Friday’s Weekend Column
The Lure of Florida Starts Again

by James Glaser
September 8, 2006

Yes Florida has the ocean on one side and the Gulf on the other which gives it thousands of miles of beach front. It also has no income tax, lush vegetation, and wildlife you find no where else. But the lure of Florida is the weather.

Yes, I have just gone through a very hot and muggy summer—one that is still with us, but there are signs the summer is waning. Last April I wrote a column about how the eight months before April had been filled with only nice days, and I can see those days starting again. This next week the mornings are going to start out in the 60s and the highs will be in the 80s. Oh, I am sure we will still have some hot days, but not every day.

I don't know if you could say Florida really has a fall like up North. The days seem to all of a sudden become that perfect weather that snow birds flock down here to find. I think if you stay the summer you can appreciate the winters even more. It is like the reverse of Minnesota. Up there the winter makes you appreciate the summer. The difference is that winter in Minnesota can start in late September and last into May. That gives you four very nice months. Down here you have about four bad months and eight great ones. One thing I remember about living in Northern Minnesota, and that is that historically there has been a killing frost in every month of the year. That means in August your tomato plants could freeze. It doesn't happen that often, but it can, and it does.

Now that I finally have the A/C working in the studio, I have to start thinking about how I'll heat the place come January. Last winter there was not a day that I thought was cold, so heating the shop won't take much.

Last Friday, 1st Friday, was great. I had the studio all cleaned up, the windows installed and a computer screen with a slide show of my work. I also had the air conditioning on, and a neon open sign in the window, but no one was coming in. After a while I opened the door and put a block out there to keep it open, and people streamed in to look at what I have been doing. I don't know why, but they needed that open door to feel free to step inside. I met a lot of nice people. Tallahassee does have a lot of people interested in the arts, and the city does its best to promote anything cultural.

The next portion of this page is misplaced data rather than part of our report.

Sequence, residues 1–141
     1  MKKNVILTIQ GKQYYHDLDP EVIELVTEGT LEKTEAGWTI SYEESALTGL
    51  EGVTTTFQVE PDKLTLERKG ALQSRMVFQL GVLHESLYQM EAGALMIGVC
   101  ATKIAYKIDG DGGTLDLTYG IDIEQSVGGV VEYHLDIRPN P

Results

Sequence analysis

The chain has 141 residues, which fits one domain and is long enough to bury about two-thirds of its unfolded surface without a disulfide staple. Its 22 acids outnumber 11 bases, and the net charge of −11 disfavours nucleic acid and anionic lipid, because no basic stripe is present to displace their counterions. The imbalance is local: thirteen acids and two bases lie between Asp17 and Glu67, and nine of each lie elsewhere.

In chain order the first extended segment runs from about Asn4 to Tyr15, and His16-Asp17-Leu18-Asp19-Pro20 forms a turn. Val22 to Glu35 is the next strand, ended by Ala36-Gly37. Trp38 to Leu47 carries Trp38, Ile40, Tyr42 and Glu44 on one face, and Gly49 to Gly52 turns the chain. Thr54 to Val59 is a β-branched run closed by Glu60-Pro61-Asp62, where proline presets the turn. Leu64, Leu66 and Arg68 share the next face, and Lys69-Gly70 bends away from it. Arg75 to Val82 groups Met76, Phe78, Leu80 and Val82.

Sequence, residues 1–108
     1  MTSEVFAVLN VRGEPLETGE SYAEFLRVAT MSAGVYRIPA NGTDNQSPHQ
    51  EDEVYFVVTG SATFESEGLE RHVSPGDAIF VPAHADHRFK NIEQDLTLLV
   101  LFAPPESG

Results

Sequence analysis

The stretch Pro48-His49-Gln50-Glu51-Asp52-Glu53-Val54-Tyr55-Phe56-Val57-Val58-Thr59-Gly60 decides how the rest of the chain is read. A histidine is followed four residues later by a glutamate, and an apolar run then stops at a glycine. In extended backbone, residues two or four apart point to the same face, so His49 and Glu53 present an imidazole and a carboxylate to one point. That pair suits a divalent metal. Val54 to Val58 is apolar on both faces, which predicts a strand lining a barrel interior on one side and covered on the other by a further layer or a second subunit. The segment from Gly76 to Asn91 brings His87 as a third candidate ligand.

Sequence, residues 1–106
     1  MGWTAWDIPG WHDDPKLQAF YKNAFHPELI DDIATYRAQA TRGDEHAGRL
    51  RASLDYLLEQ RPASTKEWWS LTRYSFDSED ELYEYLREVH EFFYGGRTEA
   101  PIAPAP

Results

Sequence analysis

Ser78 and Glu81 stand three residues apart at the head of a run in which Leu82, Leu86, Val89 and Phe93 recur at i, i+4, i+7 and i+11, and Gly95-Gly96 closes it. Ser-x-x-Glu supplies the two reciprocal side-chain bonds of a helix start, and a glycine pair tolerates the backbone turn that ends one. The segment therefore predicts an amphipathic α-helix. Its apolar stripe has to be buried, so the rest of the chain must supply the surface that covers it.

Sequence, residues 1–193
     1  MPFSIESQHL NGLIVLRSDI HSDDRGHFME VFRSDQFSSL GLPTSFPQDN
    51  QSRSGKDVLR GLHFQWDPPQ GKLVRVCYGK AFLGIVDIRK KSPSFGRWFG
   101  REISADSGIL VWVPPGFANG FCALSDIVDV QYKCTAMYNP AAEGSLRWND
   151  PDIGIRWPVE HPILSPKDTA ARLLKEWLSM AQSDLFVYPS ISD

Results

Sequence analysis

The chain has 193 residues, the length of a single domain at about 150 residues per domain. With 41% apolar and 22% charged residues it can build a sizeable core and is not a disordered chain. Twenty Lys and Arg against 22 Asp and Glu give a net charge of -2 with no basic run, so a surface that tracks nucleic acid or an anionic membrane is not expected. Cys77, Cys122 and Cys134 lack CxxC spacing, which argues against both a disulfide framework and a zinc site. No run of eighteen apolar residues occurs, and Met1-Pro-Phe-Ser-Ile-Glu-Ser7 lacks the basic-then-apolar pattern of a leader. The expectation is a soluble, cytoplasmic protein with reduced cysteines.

I went to a tool store today and like every other artist or craftsman, I have to confess to an addiction for tools. You see something new, and your mind tells you that you need that. I have been able to curb those desires lately. A couple of years ago I saw the anniversary edition of a Porta- Cable plunge router. It had both a regular router and a plunge router base in a nice big case for some fabulous price, and I knew I just had to have that router. I could envision using it for all sorts of projects. To date I have used it one time, and that was to try it out. It is great, but I have a very nice Stanley polished aluminum router that Ray Knaeble gave me, and it's kind of small and fits my hand so well. It is a little hard to set up, and it isn't as powerful as that new one, but it isn't as loud, and I am used to it.

So now when I get that urge to buy some new tool, I give it a couple of days thought time, and usually decide I don't really need it. Truth be told, I have all the tools I need, and buying supplies like sand paper, Watco oil finish, varnish, and hard wood lumber satisfies my need to spend. Today I bought some more sand paper, and I did buy a new file.

I will have to spend a few hours sharpening my wood chisels. I start out using a wet stone, but then I switch to fine grit sand paper on a flat piece of glass. That is what I bought today, 1200 and 1500 grit paper. A few years ago I read an article titled "Scary Sharp," and with that fine sand paper you can get edge of the chisel looking like a mirror.

A few years ago I cut myself in the shop with a chisel I had just sharpened. I was bleeding like a stuck pig and grabbed a towel, wrapped it around my wrist, and headed for the emergency room. The doctor looked at the wound and was impressed with how sharp the tool was that made it. He was a wood duck carver, and we made a deal. He stitched me up, and I sharpened all of his chisels and taught him how I did it.

Tool maintenance is something you don't think about unless you work with them all the time. If you buy good tools and take care of them, they will last you for years—heck decades.

With the weather getting nicer, I'll have no excuse about it being too hot, and I'll get a lot done. I have to admit I am having a ball working, and that's good.

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